Jessica Rodriguez: Austin Tour, Day 2

Jessica Rodriguez, Day 2 of Austin Tour

What an honor and what a pleasure! This morning was unlike any other, as a matter of fact; unlike most Americans’ typical morning. This Friday morning I had the wonderful opportunity of meeting former Supreme Court Justice Sandra Day O’Connor. For those not familiar with Justice O’Connor, she was a ground breaker and a pioneer in the Supreme Court. She was the first female appointed to the Supreme Court.

Junior Fellows a Few Feet Away from Justice O'Connor

Junior Fellows a Few Feet Away from Justice O’Connor

President Ronald Reagan, during his campaign, promised support for a female Supreme Court Justice; and he delivered. She is truly an inspiration to every woman. Whether your political ideologies match hers or not, her hard work and dedication in law and government are quite an inspirational story!

Justice O’Connor truly illuminated the room as she walked in.  Not only were we in the presence of a history maker, but her sense of humor made us laugh in less than a minute.

Justice Sandra Day O'Connor

Justice Sandra Day O’Connor

Justice O’Connor spoke to us about the importance of civics and the amount of work she has put into iCivics, a program designed to help understand our government.  (Check out www.icivics.org).

Not only has she put in great efforts to develop this online interactive game, but she also offered us some valuable advice for those of us looking into careers in law. First, “Read fast!” Second, “Write well!” I will definitely listen to Justice O’Connor’s advice.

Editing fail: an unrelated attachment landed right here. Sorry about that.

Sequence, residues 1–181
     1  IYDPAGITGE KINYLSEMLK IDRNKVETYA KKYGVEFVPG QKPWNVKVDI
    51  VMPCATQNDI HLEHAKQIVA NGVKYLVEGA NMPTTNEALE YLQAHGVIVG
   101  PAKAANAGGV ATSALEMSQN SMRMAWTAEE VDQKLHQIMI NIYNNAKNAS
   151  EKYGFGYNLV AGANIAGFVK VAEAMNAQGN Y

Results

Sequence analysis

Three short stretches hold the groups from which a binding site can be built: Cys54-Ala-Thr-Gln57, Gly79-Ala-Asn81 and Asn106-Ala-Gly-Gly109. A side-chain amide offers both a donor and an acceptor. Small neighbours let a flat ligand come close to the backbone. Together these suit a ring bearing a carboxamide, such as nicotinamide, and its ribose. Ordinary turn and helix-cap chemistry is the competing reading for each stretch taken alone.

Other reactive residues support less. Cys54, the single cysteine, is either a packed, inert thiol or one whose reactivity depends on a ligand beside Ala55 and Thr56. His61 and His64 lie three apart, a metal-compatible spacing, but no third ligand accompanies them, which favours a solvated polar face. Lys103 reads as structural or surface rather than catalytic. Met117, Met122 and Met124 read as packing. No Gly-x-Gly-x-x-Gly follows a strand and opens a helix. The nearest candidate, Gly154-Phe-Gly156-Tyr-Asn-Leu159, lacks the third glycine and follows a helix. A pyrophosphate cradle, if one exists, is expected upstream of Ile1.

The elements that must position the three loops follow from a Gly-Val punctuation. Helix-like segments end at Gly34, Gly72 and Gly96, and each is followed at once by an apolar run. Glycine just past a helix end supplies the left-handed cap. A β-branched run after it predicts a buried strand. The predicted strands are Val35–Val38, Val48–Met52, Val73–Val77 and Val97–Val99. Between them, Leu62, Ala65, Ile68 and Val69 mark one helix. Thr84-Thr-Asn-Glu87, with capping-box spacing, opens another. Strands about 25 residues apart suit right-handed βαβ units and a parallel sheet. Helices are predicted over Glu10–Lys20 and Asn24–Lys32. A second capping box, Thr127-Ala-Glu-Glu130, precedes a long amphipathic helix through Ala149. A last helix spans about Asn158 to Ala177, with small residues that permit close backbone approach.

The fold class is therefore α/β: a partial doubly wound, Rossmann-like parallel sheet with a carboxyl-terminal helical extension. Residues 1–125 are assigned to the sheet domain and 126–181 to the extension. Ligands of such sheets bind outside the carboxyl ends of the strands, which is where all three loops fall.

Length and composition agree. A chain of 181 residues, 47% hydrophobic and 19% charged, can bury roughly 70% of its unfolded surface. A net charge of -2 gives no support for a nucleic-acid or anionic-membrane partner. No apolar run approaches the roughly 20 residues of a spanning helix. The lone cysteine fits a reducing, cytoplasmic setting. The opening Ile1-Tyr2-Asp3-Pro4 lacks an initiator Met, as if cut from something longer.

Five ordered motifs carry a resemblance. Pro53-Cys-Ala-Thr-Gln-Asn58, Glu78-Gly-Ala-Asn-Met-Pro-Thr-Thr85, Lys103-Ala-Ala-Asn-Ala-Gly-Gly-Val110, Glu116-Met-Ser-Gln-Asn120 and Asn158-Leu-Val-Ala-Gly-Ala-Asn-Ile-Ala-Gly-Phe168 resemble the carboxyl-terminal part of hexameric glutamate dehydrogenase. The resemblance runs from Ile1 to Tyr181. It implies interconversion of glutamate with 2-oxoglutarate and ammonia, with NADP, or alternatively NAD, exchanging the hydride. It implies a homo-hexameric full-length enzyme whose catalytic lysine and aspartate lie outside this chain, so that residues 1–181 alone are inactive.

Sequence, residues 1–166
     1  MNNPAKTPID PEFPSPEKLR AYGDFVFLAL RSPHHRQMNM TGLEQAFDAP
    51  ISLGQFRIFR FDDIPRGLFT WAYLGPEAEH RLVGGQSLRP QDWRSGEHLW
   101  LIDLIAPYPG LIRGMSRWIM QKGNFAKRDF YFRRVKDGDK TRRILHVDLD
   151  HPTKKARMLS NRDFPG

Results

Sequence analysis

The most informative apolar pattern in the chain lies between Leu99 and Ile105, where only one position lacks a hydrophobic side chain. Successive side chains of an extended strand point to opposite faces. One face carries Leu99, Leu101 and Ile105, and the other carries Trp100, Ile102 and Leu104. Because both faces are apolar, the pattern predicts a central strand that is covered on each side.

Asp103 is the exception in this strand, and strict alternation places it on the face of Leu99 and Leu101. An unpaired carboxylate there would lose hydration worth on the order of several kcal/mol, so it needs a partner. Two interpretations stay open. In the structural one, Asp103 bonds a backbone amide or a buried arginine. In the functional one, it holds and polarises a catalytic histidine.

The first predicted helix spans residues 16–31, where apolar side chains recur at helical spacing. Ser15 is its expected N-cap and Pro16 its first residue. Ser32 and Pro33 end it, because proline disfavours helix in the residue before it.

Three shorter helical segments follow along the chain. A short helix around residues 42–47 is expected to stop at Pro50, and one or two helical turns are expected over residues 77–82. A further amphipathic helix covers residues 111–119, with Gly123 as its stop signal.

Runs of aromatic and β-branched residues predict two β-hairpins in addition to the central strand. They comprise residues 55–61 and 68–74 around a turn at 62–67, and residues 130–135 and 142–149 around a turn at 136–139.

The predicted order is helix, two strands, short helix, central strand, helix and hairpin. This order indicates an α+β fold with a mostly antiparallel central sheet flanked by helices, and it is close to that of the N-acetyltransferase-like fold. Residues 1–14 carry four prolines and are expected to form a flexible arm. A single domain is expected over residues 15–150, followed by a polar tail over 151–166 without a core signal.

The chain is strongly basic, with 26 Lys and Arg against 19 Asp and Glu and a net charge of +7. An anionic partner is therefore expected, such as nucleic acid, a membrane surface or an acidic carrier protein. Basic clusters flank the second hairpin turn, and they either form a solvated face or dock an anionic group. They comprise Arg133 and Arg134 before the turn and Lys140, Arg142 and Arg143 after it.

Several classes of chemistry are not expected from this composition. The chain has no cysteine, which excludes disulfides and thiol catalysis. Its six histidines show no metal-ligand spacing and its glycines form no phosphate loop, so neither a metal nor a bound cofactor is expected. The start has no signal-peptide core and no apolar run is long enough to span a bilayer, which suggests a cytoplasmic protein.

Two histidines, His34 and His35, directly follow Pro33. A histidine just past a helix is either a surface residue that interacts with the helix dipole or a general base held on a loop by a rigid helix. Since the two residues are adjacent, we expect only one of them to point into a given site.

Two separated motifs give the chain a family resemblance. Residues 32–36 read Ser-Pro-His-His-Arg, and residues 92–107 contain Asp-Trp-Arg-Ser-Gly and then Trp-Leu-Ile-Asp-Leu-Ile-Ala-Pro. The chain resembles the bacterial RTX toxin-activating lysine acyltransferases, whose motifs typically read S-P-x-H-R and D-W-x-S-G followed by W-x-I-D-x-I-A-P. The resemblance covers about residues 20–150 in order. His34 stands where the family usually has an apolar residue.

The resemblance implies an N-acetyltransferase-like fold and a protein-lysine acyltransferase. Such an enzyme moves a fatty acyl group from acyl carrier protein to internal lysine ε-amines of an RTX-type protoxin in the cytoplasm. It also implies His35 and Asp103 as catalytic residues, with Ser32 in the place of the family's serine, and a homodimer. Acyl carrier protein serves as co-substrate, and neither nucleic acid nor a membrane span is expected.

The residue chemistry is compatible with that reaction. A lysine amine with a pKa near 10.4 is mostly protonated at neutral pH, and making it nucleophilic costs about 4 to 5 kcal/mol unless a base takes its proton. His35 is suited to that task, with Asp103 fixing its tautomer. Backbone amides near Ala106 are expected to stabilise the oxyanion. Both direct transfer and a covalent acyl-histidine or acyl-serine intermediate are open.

On a special note, I was able to ask her if she endured any hostility as a newcomer in a Supreme Court full of men.  In her reply she did not play the victim.  In fact, she stated, she noted that she already knew Justice Rehnquist, and she pointed out that she was as curious about them as they were about her.

I cannot thank enough the Annette Strauss Institute for Civic Life for putting such a unique opportunity together.

During the afternoon we visited the Harry Ransom Center on the UT Austin campus.  I walked in those tall, spotless glass doors thinking I would get to see a Gutenberg Bible, which I did…

The Gutenberg Bible!

The Gutenberg Bible!

but voila…I was also fortunate to see an antique photography exhibit.

My excitement did not end there.  In another exhibit I ran across a recording of Russ Hodges’ call of Bobby Thomson’s 1951 home run, immortalized as “The Shot Heard Round the World.”  Although I’m not a sports fan, I’ve heard this clip of the announcer shouting excitedly, “The Giants win the pennant! The Giants win the pennant! … I don’t believe it, I don’t believe it! …”   The emotion one can feel through the announcer’s voice — it’s quite amazing!  It was part of a larger exhibit called “Literature and Sport”…

The Harry Ransom Center's "Literature and Sports" Exhibit.

The Harry Ransom Center’s “Literature and Sports” Exhibit.

…where we were able to see works by Arthur Conan Doyle, Ernest Hemingway, William Faulkner, and others.  I would definitely recommend checking out the Harry Ransom Center.

As if these activities weren’t enough, we also had a tour of the Capitol.  There, we were able to see Elizabet Ney’s statue of Sam Houston.

Junior Fellows with Sam Houston

Junior Fellows with Sam Houston

I also had the chance to visit the House Chambers…

Jessica Rodriguez, House Chambers

Jessica Rodriguez, House Chambers

…and, in fact, the staff even let us take a photograph running the House, just like the Speaker–perhaps a sign of things to come!

Junior Fellows Presiding Over the House

Junior Fellows Presiding Over the House

We also had the chance to tour the UT Tower, the site made famous by Charles Wittman, who climbed the tower in 1966 and went on a killing spree.

UT Tower

UT Tower

Despite the history, the tour is enjoyable and the views from the top are beautiful, whether offering a close-up of the clock face…

Clock Face on UT Tower

Clock Face on UT Tower

…or the beautiful views of the surroundings…

UT Tower View

UT Tower View

It was an exciting day, one that offered not only beautiful views of Austin and what it has to offer, but also–perhaps–a beautiful view of the future…

Legislative_Desk_2

 

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Michael Connelly Book Signing